annotation by Xochitl-Julisa Bermejo
Into the Wild claims to tell the story of Chris McCandless’ greatest adventure and tragic end in the back woods of Alaska, but often focuses on Krakauer’s connection with McCandless rather than the subject itself. A story that began as a featured article for Outside Magazine grew into a full-length book after Krakauer became infatuated by the story and its hero. He states in the Author’s Notes, “I was haunted by the boy’s starvation and by vague unsettling parallels between events in his life and those in my own.”
As I read this book I began to wonder, when is the author allowed to be part of the story? It is no doubt that this book was written because of Krakauer’s own self-proclaimed connections to Chris McCandless, but don’t we all write on subjects we feel deep connections to? When are we allowed as writers to cross that line from the narrator to the story? Is there a moment? And how can we know when that moment has arrived?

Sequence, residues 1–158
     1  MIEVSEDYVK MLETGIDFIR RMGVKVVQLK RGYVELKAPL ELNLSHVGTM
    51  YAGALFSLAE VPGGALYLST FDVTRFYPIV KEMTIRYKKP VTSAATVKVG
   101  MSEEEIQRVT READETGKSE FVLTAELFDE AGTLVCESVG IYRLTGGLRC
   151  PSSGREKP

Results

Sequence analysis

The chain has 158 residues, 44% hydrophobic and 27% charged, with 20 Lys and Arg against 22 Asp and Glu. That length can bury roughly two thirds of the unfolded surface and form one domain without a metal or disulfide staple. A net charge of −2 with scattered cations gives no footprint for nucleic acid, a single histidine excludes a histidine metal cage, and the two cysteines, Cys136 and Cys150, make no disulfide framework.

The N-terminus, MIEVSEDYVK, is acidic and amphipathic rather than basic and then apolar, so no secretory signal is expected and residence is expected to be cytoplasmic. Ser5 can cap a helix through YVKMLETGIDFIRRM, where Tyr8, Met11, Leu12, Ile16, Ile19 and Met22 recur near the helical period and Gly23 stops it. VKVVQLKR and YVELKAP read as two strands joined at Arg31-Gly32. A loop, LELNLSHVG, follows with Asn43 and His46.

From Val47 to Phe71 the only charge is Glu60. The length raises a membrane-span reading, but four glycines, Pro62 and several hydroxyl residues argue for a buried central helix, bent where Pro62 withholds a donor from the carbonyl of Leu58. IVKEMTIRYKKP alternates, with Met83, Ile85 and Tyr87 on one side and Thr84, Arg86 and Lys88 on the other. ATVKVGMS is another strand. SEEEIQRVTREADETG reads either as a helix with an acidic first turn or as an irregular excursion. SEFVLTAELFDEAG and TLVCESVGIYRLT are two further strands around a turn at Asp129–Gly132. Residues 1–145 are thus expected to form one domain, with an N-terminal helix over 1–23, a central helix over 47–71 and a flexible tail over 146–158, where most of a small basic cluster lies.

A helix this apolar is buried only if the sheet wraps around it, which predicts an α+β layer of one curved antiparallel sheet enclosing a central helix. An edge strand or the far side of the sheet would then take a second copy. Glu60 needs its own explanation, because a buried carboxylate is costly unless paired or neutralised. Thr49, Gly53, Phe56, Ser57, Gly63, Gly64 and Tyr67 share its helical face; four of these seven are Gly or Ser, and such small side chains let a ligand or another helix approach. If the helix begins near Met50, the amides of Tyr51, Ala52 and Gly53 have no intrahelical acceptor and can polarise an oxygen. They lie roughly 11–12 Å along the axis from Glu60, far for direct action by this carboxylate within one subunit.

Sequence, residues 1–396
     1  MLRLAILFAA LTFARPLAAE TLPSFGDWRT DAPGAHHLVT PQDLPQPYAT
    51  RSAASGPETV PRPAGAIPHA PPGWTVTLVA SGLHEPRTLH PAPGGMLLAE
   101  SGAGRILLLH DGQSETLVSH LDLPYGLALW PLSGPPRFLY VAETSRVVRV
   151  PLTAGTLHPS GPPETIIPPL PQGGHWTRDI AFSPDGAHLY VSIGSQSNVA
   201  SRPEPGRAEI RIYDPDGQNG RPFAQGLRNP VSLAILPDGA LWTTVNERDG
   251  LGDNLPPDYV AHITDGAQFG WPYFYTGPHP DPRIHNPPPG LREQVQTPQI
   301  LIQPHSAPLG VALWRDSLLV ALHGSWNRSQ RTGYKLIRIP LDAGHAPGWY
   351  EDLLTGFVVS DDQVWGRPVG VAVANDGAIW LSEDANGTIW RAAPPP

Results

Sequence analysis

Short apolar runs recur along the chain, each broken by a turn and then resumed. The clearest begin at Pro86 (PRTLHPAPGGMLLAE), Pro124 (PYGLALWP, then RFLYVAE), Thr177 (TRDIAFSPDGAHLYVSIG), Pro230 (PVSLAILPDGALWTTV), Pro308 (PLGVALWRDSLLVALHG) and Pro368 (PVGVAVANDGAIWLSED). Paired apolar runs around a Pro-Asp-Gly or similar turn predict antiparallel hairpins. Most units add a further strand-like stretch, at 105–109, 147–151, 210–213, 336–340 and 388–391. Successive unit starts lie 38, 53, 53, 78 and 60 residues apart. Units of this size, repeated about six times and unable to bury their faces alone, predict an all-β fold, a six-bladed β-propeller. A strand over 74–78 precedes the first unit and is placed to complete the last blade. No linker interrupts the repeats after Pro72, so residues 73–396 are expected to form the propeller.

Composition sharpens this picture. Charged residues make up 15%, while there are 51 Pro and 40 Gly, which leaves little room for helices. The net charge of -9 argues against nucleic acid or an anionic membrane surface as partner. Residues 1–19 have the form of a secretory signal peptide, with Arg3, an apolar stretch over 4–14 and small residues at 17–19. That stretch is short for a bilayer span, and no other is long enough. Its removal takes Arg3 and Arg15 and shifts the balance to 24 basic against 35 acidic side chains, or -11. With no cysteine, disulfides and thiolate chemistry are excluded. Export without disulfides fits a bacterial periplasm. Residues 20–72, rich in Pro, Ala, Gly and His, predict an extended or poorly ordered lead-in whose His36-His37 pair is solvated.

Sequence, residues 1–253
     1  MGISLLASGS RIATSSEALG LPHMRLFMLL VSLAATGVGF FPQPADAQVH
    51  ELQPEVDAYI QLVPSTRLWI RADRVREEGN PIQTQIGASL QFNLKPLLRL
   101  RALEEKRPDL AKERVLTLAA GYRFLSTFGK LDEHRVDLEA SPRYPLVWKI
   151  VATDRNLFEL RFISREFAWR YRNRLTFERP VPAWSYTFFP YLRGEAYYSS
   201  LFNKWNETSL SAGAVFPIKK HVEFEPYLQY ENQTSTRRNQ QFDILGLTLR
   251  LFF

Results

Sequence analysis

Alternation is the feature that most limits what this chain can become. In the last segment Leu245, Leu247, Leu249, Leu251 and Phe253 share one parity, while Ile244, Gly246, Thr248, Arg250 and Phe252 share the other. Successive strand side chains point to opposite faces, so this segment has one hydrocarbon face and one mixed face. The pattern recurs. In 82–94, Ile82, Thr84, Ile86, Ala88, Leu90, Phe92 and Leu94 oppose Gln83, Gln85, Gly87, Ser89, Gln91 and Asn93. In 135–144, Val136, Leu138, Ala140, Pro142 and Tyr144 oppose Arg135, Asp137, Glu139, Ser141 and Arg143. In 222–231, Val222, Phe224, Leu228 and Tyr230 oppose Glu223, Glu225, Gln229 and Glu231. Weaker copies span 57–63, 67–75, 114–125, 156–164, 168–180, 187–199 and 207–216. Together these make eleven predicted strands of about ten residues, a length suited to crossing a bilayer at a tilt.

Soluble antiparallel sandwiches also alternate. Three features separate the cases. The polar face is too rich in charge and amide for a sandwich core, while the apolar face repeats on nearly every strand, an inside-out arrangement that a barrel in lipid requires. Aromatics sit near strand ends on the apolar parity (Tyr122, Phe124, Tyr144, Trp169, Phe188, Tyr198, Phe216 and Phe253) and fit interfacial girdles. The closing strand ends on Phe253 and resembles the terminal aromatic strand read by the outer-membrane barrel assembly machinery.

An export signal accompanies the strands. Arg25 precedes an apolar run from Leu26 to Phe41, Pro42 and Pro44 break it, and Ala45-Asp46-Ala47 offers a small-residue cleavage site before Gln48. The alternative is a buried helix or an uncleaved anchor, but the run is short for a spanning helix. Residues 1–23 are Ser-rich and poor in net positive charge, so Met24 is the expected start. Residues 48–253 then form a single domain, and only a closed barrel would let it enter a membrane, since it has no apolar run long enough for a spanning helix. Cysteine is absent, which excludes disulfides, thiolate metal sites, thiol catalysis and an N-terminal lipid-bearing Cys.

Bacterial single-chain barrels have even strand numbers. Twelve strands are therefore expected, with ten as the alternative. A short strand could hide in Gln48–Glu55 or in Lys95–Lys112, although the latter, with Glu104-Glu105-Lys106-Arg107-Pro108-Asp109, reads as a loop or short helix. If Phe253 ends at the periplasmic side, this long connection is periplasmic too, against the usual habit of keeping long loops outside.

A year after Chris McCandless’s death, Krakauer visits the site where it occurred. Once inside the bus where Chris lived out his grandest adventure and met his untimely death, Krakauer studies the objects left behind: toenail clippers, a makeshift belt around torn jeans, and the boots that appear to be waiting for their owner’s return. Sitting in the bus amongst the objects that made up the last four months of McCandless’ life Krakauer states, “I feel uncomfortable, as if I were intruding, a voyeur who has slipped into McCandless’s bedroom while he is momentarily away.” Continue reading